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Mining the Moon’s Shadows

This image of the moon from NASA’s Moon Mineralogy Mapper illustrates the extent to which different materials are mapped across the side of the moon that faces Earth. Most significant is the blue area, showing the signature of water and hydroxyl molecules.

This image of the moon from NASA’s Moon Mineralogy Mapper illustrates the extent to which different materials are mapped across the side of the moon that faces Earth. Most significant is the blue area, showing the signature of water and hydroxyl molecules.

Photo courtesy: ISRO/NASA/JPL-Caltech/Brown Univ./USGS

Scientists plan to cultivate and use mass amounts of hidden water ice on the moon with two missions developed at NASA’s Marshall Space Flight Center in Huntsville. The two projects, called Lunar Flashlight and the Resource Prospector Mission, are proposed to set off in 2017 and 2018. 

With the idea of creating a self-sustaining environment for future lunar outposts, access to water ice deposits would give scientists independence from Earth’s resources. “If you’re going to have humans on the moon and you need water for drinking, breathing, rocket fuel, anything you want, it’s much, much cheaper to live off the land than it is to bring everything with you,” says Lunar Flashlight principal investigator Barbara Cohen, of NASA’s Marshall Space Flight Center. The remarks were made at a space conference and reported by space.co.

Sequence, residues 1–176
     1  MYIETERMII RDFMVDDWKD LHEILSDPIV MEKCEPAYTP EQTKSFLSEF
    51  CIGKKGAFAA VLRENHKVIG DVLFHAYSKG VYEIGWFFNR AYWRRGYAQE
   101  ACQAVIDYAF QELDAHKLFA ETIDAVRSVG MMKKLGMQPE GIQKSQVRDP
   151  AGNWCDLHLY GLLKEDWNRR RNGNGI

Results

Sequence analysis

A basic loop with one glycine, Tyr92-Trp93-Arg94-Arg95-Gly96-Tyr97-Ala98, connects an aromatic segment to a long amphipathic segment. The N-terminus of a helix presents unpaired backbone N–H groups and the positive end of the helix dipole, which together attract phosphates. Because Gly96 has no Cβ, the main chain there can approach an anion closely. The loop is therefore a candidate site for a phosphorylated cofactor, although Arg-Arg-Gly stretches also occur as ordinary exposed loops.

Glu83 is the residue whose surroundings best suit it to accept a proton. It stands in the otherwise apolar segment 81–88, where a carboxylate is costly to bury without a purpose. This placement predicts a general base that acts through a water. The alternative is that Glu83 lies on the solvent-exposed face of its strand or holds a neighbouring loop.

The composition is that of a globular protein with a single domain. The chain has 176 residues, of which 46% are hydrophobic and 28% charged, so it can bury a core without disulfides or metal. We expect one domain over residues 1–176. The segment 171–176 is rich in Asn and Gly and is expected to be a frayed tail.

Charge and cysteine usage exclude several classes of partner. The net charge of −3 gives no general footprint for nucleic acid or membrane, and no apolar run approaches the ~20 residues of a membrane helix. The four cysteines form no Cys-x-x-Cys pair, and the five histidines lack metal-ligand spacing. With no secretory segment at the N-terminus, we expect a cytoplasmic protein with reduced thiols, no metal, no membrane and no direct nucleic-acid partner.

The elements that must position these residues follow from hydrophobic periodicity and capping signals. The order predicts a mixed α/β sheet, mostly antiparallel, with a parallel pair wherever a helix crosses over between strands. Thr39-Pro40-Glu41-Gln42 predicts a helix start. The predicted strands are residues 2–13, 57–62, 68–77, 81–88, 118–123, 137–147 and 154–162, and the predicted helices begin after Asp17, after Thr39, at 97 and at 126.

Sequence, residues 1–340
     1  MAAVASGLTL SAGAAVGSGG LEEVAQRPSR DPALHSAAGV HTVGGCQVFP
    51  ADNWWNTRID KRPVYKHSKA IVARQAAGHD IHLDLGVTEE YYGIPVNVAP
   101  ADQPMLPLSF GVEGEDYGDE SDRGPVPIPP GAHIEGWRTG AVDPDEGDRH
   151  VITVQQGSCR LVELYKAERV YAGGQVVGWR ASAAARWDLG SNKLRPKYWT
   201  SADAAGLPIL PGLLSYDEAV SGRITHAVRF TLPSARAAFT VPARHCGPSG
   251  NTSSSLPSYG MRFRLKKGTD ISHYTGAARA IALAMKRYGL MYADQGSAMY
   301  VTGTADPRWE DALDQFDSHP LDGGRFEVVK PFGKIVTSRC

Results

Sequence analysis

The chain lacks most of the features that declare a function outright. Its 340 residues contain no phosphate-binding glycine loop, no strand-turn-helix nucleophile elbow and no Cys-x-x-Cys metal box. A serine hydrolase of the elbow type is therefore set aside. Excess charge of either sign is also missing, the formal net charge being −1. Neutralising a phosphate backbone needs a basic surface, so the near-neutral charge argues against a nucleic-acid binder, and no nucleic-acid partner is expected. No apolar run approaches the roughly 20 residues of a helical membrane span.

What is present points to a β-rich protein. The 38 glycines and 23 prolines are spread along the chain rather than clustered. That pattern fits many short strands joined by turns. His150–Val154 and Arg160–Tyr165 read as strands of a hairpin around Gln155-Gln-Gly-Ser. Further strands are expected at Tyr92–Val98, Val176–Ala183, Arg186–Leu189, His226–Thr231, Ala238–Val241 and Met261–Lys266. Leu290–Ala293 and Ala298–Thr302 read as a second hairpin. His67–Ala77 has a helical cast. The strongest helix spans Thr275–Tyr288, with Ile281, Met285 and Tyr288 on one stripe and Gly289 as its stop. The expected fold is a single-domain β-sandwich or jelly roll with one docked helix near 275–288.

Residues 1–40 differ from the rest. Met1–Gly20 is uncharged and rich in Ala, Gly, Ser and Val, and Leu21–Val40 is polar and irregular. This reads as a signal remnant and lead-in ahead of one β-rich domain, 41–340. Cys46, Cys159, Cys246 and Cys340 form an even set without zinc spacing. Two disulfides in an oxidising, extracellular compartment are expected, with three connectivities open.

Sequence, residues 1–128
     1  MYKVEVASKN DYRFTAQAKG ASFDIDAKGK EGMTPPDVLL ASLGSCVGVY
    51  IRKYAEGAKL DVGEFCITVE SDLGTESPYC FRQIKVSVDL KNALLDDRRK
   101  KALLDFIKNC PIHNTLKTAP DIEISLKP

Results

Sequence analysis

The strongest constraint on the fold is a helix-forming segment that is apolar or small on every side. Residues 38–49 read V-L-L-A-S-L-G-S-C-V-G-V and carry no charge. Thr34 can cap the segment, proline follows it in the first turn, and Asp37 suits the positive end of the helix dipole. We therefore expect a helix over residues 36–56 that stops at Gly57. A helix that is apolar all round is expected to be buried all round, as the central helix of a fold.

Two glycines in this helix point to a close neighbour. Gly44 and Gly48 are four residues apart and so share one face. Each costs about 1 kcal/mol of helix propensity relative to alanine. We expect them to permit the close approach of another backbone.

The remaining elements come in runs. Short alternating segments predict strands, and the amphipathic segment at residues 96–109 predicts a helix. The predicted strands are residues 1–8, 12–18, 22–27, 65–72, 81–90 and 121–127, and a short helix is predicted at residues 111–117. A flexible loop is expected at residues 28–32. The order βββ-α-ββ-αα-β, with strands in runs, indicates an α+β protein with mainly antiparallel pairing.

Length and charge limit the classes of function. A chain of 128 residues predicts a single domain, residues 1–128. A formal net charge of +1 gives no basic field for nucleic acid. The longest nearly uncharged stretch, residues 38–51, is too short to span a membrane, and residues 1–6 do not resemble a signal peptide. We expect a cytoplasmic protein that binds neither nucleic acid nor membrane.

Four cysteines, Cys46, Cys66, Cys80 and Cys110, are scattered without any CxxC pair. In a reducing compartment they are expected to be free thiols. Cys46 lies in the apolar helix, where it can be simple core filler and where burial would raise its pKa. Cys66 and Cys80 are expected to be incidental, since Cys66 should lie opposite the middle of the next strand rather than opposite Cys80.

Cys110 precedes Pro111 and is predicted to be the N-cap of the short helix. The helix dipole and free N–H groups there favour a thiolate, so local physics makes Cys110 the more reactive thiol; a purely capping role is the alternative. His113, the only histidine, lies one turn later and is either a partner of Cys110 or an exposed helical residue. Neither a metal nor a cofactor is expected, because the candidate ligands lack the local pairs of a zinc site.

Lunar Flashlight is set to depart in December 2017. The actual body of the spacecraft is about the size of a cereal box, but when deployed, it will unveil an 860-square-foot solar sail. The sail will enable it to fly to the moon using photons from the sun. It will take the spacecraft about six months after its initial launch to start orbiting the moon. The next year, it will spiral toward the surface, getting as close as 12 miles. At this low altitude, the probe will make approximately 80 lunar orbits, recording deposits that lie in shadowed craters. 

The Resource Prospector Mission, or RPM, is set to send a rover onto the moon to map its concentrations of hydrogen up to 3.3 feet underground. The rover will delve into permanently shadowed regions of the moon. 

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